The Tasting Panel magazine

October 2015

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Page 30 of 140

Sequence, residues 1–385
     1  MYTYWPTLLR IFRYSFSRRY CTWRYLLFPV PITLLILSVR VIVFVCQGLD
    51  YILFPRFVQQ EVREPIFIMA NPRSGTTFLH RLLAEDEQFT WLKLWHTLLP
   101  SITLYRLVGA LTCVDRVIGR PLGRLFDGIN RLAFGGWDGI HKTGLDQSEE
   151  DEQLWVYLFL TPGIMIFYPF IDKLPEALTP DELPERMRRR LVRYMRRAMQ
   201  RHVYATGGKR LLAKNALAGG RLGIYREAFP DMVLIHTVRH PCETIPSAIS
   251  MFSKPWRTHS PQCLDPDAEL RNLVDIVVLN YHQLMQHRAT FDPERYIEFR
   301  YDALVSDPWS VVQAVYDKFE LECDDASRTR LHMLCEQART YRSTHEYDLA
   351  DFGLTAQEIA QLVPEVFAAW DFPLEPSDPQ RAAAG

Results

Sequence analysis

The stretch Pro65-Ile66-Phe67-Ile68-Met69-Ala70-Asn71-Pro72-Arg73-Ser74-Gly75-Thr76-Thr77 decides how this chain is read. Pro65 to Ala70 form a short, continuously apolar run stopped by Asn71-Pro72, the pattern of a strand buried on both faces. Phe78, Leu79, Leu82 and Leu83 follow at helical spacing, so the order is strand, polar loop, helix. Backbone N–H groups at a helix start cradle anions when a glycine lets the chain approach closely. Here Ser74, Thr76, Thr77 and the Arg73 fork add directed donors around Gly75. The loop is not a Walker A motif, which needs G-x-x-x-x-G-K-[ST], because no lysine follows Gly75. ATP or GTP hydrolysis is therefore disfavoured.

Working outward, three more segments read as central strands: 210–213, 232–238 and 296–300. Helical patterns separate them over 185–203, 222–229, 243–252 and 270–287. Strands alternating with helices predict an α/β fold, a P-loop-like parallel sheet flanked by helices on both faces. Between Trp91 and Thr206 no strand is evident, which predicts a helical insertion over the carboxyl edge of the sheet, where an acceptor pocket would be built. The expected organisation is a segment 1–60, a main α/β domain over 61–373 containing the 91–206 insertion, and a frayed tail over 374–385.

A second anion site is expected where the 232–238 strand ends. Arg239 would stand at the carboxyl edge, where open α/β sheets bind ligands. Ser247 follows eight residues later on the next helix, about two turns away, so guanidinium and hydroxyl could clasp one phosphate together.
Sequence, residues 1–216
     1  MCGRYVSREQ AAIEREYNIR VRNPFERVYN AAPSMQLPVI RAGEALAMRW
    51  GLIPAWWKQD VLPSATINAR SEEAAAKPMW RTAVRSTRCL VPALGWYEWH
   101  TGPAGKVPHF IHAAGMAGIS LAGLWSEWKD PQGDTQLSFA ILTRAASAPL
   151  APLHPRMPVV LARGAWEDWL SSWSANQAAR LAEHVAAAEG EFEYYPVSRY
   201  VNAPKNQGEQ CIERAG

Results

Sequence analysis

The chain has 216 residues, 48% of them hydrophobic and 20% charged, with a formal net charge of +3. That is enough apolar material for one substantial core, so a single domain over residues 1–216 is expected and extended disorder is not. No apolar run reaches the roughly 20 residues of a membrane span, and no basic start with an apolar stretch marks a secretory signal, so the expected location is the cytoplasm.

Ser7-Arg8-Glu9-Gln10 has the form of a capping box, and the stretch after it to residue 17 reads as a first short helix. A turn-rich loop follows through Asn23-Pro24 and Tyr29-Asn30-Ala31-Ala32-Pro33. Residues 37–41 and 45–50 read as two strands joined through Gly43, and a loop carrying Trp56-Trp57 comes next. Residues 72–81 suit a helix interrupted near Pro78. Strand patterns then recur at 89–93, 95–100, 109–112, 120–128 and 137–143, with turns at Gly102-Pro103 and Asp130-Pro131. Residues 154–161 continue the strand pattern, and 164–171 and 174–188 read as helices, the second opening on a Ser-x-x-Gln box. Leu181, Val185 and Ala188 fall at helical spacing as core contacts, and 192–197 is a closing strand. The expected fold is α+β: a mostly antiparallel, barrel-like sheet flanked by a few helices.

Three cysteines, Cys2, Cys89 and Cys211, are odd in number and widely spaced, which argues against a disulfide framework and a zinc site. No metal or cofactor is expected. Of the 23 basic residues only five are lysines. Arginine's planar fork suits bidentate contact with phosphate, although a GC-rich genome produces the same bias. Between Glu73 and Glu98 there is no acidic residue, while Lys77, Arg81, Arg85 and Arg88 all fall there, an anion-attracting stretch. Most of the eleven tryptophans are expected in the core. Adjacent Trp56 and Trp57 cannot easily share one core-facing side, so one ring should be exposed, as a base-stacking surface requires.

30  /  the tasting panel  /  october 2015 S outhern Oregon's wine regions—to quote Doug Frost, MW, MS, following our participation as judges in the 2015 Oregon Wine Competition this past August—is a "crazy quilt . . . with its own set of unique climatic challenges . . . and local flora with its own unique profile and dusty, herbal notes pervasive in many wines." Like Frost, I have dedicated considerable time over the past 20 years to investigating this fascinating AVA, now sub-divided into four sub-appellations (Applegate Valley, Rogue Valley and Umpqua Valley plus its own sub-AVA, Red Hill Douglas County) spread out over 100 miles apart, in corners of coastal hillsides, benches and valley floors. At first, I was intrigued by the potential of Spanish varieties like Tempranillo and Albariño, given the region's latitudinal equivalency to the Iberian Peninsula. Later it was Southern Oregon's hugely aromatic, rambunctious Rhône-inspired wines. At one time or another, seemingly every Willamette Valley winemaker of note—Lynn Penner- Ash, Lauren Montalieu, Ken Wright, et al.— was producing Southern Oregon-grown Syrah on the side. Wright once told me, "Southern Oregon Syrah is more Old World than New. . . we get delineated qualities— graphite, cedar, blueberries, raspberries, very balanced, never over the top." But this last visit, Frost confides, "felt ever so slightly like a letdown . . . I had hoped for more growth and improvement, more devel- opment of new grapes and vineyards, more fascinating and headstrong winemakers. Instead, improvements had been incremen- tal, as though a certain caution prevailed within the industry." Personally, I felt the same as Frost the moment we were asked by Oregon Wine Competition organizers to look for wines that "could compare with wines from other regions." Fair enough—every emerging wine region wants to become known for wines comparable to the best from anywhere. However, what excites us most are wines that are not comparable to other regions. Wines so unique, so expres- sive of singular terroirs, you cannot find similarity elsewhere. While Southern Oregon's progress may seem temporarily jammed by its own producers' lack of self-confidence, there is still plenty to write home about. Brandborg Wines, for instance, continues to craft extreme coastal Umpqua Valley Pinot Noirs that bristle with acidity, feathery finesse and woodsy distinctions. Tempranillos by the groundbreaking Abacela estate remain dark, pungent, obstinate, like beasts in the night. But for me, the poster child for Southern Oregon's promise as a land of indefatigable terroirism is Quady North in Applegate Valley. Since 2005, owner/grower/wine- maker Herb Quady has stuck to the script: producing wines that do not kowtow to varietal, or any wine judge's, expectations. I tasted a 2011 Quady North Mae's Vineyard Applegate Valley Syrah, for instance, that had the violet varietal perfume, only subju- gated to wild, elemental, organic sensations suggesting lavender, loam, sagebrush – tasting more like a place than a grape. A 2013 Leah Jorgensen Cellars "Loiregon" Cabernet Franc—another wine sourced from Quady's Mae's Vineyard—was lean, sharp and electrifying (like sticking your tongue in a socket) with dried berries and scrubby, mildly compost-like qualities. Absolutely nothing to do with anything from, say, Chinon, California or Finger Lakes, yet totally delicious. Still another doozy grown in Mae's Vineyard was the 2013 Day Wines "Hock and Deuce" Syrah, co-fermented with 20% Viognier. In this wine, original thought process collides with domineering terroir to forge an extremely linear (in contrast to Quady North's muscular style of Syrah), flowery, peppery, scrubby style of the grape unlike anything grown in the Rhône or hatched by California's current crop of "cool kid" winemakers. There's something happening here, as the old song goes, and not everyone—even in Southern Oregon—knows what it is. Right up a sommelier's alley! "Crazy Quilt" SOUTHERN OREGON IS SLOWLY KICKING OUT THE JAMS story and photos by Randy Caparoso Quady North owner/grower/ winemaker Herb Quady in his Mae's Vineyard, in Oregon's Applegate Valley. Randy Caparoso and Doug Frost, MW, MS, at 2015 the Oregon Wine Competition judging. Mae's Vineyard Syrah in the latter stage of veraison, August 2015.

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